NFL

Beth Mowins became only the second woman to serve as a play-by-play announcer for a regular season National Football League game. (Photo from ESPN)

Beth Mowins became only the second woman to serve as a play-by-play announcer for a regular season National Football League (NFL) game when she called the Monday Night Football (MNF) broadcast of the Chargers-Broncos game on Sept. 11, 2017. Mowins has called games for ESPN since 1994, and her repertoire spans college football, college basketball, and, for 23 years, the softball world series. As Chris Finn noted on boston.com, “[Mowins] confirmed again to little surprise that she’s a steady and often superb broadcasting pro, no pronoun qualifier necessary.” However, that Finn even needed the pronoun reference indicates why Mowins is significant for the proverbial hill she climbed to reach the MNF booth despite having the credentials to merit the opportunity years before.

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Following a season of protest and activism, Colin Kaepernick has been frequently passed over by teams in need of a quarterback.
Following a season of protest and activism, Colin Kaepernick has been frequently passed over by teams looking to sign a quarterback. (Photo by Gerry Melendez/ESPN)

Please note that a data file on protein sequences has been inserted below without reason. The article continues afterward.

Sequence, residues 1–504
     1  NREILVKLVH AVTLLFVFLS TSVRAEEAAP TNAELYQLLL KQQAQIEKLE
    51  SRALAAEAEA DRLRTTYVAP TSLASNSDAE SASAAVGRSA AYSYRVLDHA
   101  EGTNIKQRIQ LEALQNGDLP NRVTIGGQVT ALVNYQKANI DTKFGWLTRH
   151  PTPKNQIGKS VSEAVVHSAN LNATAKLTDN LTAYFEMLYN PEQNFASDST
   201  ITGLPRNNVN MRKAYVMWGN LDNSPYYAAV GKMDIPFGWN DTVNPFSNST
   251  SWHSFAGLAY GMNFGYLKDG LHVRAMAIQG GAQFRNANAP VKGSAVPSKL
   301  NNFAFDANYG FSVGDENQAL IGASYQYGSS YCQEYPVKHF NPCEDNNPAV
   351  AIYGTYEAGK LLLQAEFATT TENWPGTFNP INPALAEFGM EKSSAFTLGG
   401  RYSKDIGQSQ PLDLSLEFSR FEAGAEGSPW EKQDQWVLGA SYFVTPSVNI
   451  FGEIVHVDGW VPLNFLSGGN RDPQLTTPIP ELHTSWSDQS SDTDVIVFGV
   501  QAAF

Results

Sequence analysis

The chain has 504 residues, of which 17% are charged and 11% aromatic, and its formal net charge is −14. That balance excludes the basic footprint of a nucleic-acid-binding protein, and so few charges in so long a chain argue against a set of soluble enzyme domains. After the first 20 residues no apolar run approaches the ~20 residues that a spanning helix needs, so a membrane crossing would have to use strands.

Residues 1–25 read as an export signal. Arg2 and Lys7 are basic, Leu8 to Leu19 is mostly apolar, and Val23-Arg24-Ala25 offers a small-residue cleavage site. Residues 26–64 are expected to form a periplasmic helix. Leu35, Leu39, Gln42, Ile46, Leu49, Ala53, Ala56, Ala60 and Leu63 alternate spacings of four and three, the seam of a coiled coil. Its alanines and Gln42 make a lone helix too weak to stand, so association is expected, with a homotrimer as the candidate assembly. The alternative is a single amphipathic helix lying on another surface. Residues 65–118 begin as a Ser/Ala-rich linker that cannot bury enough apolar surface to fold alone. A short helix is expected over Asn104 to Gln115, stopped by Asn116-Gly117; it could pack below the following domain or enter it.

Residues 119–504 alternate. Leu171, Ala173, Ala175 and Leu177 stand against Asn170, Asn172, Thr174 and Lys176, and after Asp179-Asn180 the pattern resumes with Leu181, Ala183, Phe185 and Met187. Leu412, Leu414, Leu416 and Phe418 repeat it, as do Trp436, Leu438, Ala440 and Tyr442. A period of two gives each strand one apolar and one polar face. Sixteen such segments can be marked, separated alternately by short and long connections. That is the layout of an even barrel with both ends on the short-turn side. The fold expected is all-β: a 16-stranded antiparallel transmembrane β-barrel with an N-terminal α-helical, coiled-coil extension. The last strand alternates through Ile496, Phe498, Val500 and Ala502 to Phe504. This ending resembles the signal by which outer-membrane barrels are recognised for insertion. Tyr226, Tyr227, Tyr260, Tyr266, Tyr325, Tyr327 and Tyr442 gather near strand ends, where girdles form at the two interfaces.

With NFL training camps well underway, teams looking to sign a quarterback have passed over Colin Kaepernick time and time again. It appears he may be serving his ultimate punishment following a year of protest and activism. Amid those who defend NFL decision-makers as simply making choices for “football reasons,” there has also been a chorus of critics who see (black) players as responsible for his remaining on the sidelines.

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Advertisement for NFL Women’s Apparel. Photo from thenug.com

As NFL fans gear up for Super Bowl LI between the New England Patriots and the Atlanta Falcons, some fans are apt to feel more included in the broadcast than others. Advertisers, as critics have long noted, tend to assume that American football fans are straight men. Many long-awaited and expensive Super Bowl ads tend to be, well, pretty sexist. While the most egregious examples of sexism in Super Bowl broadcasts and advertisements seem to be decreasing as the NFL tries to acknowledge the presence of women fans (at minimum as a new marketing demographic), many women continue to feel left out of the Super Bowl spectacle.

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